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Thats enough introduction - on with the plants!
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... out in the garden.

13th June 2010

Enkianthus campanulatus 'Albus'.
As the windreaks in the garden started to establish (many years ago) I took the opportunity to plant a few rather lovely shrubs about the place. As I clear out the overgrown trees, they are reappearing and being as delightful as I had hoped. Enkianthus have magnificent autumn colour, and they are one of the rare shrubs that produces it reliably even in my rather moist and mild climate. There was a time when I had a bit of a 'thing' for them and planted a few about the place. Somewhere down the line I stopped doing it, which is a situation I should rectify.
This one was planted under an autumn cherry in an almost painfully careful excercise in understatement. I was SO pretentious back then. Imagine it, moi! Nowadays I just bung things in wherever I happen to find a space.
Pretentious or not, it is wonderful. The cherry is old, and getting rather manky, so it might come out or it might just fall over by itself and allow the Enkianthus to expand to its full potential.

13th June 2010

Prostanthera 'Poorinda Ballerina'.
Again and again in recent years I have returned to genera that I grew when I was young. I think it is something to do with impending senility or the tragic desperation of an old bloke clinging on to his youth, like squeezing into a pair of old jeans that allow ample room for self delusion but no space at all for dignity.
Prostanthera are flippant things, easy and casual and sappy. Over the years I have watched the stern chill of winter suck the life-blood from them, and for a decade or so I have gone without. Perhaps the time for flippant, easy , casual self-delusion has returned. I saw this one for sale last year and was overwhelmed with longing. It has sailed through a beastly winter in the greenhouse, and there are a few other cultivars that have a proven record. Perhaps the greenhouse will again be filled with the scent of mint bushes (which I should emphasise, is not remotely minty).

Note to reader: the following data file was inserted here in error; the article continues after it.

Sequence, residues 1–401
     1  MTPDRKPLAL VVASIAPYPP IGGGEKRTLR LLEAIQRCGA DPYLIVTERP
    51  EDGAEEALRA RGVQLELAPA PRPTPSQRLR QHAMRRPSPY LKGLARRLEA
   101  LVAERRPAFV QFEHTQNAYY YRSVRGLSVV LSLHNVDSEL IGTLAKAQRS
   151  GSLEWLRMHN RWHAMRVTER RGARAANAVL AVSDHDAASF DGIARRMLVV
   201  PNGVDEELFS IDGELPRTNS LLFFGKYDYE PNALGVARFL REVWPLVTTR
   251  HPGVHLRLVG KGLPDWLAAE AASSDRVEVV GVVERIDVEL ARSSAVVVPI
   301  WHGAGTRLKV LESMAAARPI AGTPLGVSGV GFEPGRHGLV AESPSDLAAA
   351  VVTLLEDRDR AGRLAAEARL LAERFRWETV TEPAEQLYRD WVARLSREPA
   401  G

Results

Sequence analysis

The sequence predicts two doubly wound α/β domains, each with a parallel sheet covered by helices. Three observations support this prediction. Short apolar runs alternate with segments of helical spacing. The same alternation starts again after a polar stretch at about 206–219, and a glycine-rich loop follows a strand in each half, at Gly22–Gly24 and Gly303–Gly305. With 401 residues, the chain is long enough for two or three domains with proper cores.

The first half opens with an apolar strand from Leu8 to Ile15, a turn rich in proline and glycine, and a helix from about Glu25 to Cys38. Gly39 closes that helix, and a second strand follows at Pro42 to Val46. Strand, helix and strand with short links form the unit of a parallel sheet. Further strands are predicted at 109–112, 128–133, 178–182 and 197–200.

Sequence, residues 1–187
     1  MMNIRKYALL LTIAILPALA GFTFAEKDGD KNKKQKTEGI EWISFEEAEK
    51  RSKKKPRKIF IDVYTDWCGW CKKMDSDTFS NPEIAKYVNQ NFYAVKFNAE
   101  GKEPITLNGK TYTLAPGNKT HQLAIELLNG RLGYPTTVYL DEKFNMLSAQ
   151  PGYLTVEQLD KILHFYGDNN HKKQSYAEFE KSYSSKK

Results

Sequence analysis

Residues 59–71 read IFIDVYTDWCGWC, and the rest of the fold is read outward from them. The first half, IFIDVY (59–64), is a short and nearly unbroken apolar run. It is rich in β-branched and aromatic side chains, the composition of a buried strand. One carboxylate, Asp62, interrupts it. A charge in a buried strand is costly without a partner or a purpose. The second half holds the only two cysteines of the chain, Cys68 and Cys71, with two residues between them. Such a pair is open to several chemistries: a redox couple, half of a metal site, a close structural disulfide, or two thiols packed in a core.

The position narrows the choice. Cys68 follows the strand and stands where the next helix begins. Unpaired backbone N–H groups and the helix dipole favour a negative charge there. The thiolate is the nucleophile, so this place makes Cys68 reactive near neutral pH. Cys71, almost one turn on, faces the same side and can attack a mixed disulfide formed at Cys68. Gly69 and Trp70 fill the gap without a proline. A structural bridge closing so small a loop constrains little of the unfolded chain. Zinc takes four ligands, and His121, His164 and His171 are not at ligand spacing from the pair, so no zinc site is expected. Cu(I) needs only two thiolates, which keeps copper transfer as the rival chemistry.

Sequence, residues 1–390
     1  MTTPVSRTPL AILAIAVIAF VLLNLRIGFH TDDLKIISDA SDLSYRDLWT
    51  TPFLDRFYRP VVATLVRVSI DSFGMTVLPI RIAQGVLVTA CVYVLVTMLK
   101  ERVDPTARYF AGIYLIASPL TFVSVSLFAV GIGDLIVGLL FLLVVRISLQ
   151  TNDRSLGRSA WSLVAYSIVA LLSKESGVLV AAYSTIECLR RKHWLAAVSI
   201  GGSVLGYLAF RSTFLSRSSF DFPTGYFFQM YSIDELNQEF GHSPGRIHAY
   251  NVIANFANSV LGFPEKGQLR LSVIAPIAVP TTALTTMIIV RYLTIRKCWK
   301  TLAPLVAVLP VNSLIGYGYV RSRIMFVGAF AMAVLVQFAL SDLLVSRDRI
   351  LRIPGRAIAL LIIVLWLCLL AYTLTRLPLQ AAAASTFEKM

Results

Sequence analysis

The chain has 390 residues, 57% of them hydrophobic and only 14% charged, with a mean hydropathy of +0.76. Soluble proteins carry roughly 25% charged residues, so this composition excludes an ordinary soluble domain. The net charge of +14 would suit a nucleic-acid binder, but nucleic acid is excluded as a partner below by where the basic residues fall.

13th June 2010

Podophyllum versipelle 'Spotty Dotty'.
It goes without saying that Podophyllum are lovely. I was planning to get this one planted out in spring and it goes without saying that I am late. I'm still heading in the right direction, but I'm no longer on the original schedule. Lovely and late. I have a surprising number of friends who also fit that description.
The red flowers on this are quite sensational. I like the leaves, but they fall just short of wonderful, at least with me. There is a hint of unhealthy yellowness about them. I want them to have the warty purple appearance of a fat toad in a dark lily pond but they actually remind me of a dissected toad in an unspeakable jar of formalin locked away in a polished cabinet in a sixth form biology lab, marked "Caution, flammable material." Poor old Podophyllum, reduced to the eternal incendiary gawping of teenagers, all everted entrails and yellowed paper labels.
I think it will be better all round when it is planted.

13th June 2010

Weldenia candida .
This is a favourite plant - it never fails to attract my attention when I see it growing, but it took me a few years to track one down for myself. The flowers could easily lead you to believe it was some strange Iris relative, but it is actually in the Commelinaceae (Tradescantia etc). It comes from Mexico and Guatemala but it seems to be hardy enough. The pure white flowers are produced over quite a long period through summer, and are just wonderful.
I have had it for a while now, but this is the first time I have managed to catch it in flower when I had a camera handy. I don't think it would like the wet weather in winter if I grew it outside, and I'm not quite sure how to propagate it, but I will look into it, because I want more.

Acorus Alocasia Anemone Arisaema Arum Asarum Aspidistra Begonia Bromeliads Camellia
Carnivorous Cautleya Chirita Chlorophytum Clivia Colocasia Crocosmia Dionaea Drosera Epimedium
Eucomis Fuchsia Galanthus Hedychium Helleborus Hemerocallis Hepatica Hosta Impatiens Iris
Liriope Ophiopogon Pinguicula Polygonatum Ranunculus ficaria Rhodohypoxis Rohdea Roscoea Sansevieria Sarracenia
Scilla Sempervivum Tricyrtis Tulbaghia Utricularia Viola odorata Watsonia

To find particular groups of plants I grow, click on the genus name in the table above. Click on the "Index" box at the top of the page for the full list.
I have a lot of good intentions when it comes to updating this site, and I try to keep a note about what is going on, if you are interested.
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